Another “not in my backyard” crematory clash

Over the weekend we noticed this article from the Perryville News of Perryville, Missouri.  It concerns an issue that we are seeing more and more of as funeral homes and other concerns attempt to place new crematories in areas that they have not been located in before.  That issue centers around the public perception of emission safety of the cremation units.

This particular situation includes the declination of a permit by the city’s planning and zoning commission with the reasoning that the commission has a “lack of knowledge” on the topic.  The commission passed the request directly to the city’s Board of Alderman who will have the opportunity to make a decision after a February 18 discussion of the topic.

Again, in this situation, Brewer Monument, a 5th generation family firm in Perryville is attempting to locate a crematory in an existing building on its property which is located across the street from a funeral home.  According to the article, several residents attended the meeting with a concern for air quality because of the exhaust of the proposed crematory.

The article states that the residents who attended the meeting were not opposed to cremation, simply opposed because the crematory would be in their neighborhood which includes schools and daycare centers.  They were also concerned that a crematory would lower property values in the area.

Tim Brewer and his wife, Angie, spoke at the meeting that many members of the community have requested information on cremation and the practice is growing which causes Perry County residents to use an out of county crematory.  The Brewers indicated it would be best for everybody to keep that business at home.  Angie Brewer commented, “We are a fifth-generation business.  We’d like to have a six-generation business, but that’s not going to work if we can’t progress and follow what the trend of the industry is.”

The Brewers seemed to have their ducks in a row on the environmental issues of the crematory as they had a letter from the crematory manufacturer which told that the equipment to be installed operates with emission standards that emit less than half the allowable standards.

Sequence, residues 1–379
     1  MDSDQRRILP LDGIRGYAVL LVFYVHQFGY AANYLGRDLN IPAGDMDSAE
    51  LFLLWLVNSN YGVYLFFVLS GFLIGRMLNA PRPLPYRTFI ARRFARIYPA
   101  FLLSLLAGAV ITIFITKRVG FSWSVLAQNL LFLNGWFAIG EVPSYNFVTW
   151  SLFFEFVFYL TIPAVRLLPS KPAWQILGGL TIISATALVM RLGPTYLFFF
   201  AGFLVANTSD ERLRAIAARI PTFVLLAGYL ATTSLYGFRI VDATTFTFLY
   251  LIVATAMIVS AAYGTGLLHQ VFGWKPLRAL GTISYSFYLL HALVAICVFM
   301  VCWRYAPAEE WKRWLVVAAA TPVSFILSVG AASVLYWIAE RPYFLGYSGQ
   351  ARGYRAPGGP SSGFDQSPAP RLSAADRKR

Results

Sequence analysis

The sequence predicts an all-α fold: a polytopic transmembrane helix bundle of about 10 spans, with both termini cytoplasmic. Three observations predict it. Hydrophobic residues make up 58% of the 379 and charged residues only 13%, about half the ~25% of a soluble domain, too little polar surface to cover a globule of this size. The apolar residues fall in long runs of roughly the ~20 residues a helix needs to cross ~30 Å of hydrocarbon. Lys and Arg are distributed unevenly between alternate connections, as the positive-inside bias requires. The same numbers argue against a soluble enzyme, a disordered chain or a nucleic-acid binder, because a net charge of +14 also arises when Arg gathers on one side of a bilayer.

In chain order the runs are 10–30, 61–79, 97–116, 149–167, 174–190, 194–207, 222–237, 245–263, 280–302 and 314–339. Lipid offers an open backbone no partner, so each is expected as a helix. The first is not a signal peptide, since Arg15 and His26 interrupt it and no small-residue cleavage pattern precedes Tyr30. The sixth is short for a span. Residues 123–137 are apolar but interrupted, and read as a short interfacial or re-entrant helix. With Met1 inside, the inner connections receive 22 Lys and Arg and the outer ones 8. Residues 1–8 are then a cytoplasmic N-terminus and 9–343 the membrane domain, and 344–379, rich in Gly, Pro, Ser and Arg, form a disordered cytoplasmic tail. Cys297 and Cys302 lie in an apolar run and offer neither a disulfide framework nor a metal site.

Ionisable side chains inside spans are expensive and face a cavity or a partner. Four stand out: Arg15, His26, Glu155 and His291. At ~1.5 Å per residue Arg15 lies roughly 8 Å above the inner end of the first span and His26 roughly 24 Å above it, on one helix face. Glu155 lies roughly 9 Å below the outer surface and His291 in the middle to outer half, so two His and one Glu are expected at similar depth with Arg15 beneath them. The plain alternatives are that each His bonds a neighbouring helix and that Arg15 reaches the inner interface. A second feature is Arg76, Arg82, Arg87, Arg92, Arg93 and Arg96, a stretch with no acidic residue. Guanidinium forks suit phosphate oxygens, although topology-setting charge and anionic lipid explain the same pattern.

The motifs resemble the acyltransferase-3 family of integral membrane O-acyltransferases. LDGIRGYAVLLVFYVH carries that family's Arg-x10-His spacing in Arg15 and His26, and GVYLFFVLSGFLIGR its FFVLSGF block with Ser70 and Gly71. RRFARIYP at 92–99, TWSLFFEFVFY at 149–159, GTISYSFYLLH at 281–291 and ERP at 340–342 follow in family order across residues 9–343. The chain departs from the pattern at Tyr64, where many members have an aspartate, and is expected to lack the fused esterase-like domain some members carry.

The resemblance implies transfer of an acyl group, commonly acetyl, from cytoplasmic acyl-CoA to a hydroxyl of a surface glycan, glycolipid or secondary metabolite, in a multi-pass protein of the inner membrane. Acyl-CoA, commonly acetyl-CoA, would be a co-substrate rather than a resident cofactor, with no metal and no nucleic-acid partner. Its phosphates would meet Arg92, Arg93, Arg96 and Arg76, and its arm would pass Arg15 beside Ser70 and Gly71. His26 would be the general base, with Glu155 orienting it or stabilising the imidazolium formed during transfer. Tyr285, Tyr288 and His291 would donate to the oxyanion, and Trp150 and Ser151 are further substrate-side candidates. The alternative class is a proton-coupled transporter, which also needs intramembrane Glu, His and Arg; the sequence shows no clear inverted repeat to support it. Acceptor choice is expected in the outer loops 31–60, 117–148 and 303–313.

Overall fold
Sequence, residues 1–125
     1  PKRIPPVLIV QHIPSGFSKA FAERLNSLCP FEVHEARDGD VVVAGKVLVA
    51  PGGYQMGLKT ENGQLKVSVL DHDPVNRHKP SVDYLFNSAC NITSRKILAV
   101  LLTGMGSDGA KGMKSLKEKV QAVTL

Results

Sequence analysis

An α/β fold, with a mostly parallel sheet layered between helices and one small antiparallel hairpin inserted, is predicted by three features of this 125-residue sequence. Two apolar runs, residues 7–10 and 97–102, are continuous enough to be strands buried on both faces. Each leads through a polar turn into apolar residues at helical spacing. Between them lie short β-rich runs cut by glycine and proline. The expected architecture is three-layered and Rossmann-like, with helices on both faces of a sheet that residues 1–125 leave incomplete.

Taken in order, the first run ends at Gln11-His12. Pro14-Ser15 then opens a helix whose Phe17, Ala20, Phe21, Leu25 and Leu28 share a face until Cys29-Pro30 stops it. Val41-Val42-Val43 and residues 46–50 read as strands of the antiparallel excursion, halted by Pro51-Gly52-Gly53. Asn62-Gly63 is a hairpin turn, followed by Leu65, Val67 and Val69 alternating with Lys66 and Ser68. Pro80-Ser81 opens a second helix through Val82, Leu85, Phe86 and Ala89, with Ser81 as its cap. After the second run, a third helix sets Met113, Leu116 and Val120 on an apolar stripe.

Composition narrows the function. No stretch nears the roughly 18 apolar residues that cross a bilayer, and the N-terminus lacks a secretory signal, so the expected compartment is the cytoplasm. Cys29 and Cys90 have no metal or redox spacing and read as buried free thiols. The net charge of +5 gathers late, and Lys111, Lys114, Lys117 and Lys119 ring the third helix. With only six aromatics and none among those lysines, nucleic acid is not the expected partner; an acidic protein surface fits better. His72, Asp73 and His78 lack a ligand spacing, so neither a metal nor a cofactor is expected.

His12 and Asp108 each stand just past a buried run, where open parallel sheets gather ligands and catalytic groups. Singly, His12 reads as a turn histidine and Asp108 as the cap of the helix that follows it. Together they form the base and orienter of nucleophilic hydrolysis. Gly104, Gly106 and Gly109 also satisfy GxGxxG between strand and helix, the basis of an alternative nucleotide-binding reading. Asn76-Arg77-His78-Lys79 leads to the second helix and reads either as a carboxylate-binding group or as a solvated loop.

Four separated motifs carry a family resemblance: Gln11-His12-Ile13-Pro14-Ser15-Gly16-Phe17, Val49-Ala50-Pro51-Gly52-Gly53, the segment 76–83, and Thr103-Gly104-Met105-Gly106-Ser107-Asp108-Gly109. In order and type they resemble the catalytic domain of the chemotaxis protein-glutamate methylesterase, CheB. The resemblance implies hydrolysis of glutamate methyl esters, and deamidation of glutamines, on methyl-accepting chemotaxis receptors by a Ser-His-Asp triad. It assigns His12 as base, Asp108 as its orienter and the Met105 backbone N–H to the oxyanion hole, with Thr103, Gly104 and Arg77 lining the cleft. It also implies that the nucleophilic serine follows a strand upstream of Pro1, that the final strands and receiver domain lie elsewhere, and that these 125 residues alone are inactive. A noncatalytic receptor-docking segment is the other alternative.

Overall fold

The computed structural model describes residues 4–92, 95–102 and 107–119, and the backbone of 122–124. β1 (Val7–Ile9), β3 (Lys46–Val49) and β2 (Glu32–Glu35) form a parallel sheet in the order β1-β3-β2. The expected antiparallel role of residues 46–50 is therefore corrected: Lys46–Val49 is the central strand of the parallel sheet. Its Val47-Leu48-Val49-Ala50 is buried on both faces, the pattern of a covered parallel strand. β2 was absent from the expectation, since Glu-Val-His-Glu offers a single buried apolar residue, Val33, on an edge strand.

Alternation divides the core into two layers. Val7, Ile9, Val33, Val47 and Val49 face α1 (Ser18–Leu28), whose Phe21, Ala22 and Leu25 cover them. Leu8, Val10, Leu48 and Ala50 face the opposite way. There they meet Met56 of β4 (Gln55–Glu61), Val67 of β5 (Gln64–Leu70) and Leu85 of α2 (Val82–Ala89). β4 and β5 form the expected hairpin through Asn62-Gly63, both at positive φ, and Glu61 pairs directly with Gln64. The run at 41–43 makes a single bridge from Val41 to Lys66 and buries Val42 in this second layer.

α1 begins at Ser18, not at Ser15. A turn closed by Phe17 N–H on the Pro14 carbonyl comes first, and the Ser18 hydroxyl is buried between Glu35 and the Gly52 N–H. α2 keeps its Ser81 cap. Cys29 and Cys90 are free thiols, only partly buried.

Funeral Director Daily take:  My dad was a funeral director also, but he also had a passion to invest and improve real estate.  Many times he had to go in front of the city council to get variances or other concessions to develop some type of property.  He always told me, “Get your ducks in a row well before you go to city council.”  What he meant by that was don’t let people who may be affected be surprised by what you are going to do.  Think about who might be in opposition and go and visit with them about the positive aspects of what you are trying to do prior to them getting any notices in the mail.  Also, ask them if they would have any suggestions or ideas that would improve your plans.

Dad was smart enough to know how to neutralize his opposition. . . get them on your side.  Plus, human nature just tells us that people like “being in the know”.  Get potential opponents on your side.  If you are a history buff like me you will realize that is exactly what President Abraham Lincoln did with his “Team of Rivals”.  Lincoln’s genius was to take three of his opponents for the Presidency and place them in his cabinet.  Letting these former opponents “be in the know” or “on the inside” is said to greatly have affected how President Lincoln was able to reconcile differences of opinions on the road to abolition and the direction of the Civil War.

From my point of view, not only as someone who watches the trends in the death care industry, but as someone who has brought the first crematory to my community, I believe that in going forward with new zoning issues because of crematories death care professionals have to get their “ducks in a row” and neutralize opposition more than ever before.  We are dealing with a citizenry who is becoming more vocal about their opinions, especially when they believe that the environment may be compromised.

It appears that the Brewer family did an awful lot of groundwork in their case before going to the planning and zoning commission and they are still having trouble with the process.  When you are ready to add that crematory to your community make sure that you pave the way with proper public relations as you don’t want to get your funeral home embroiled in a community spat.

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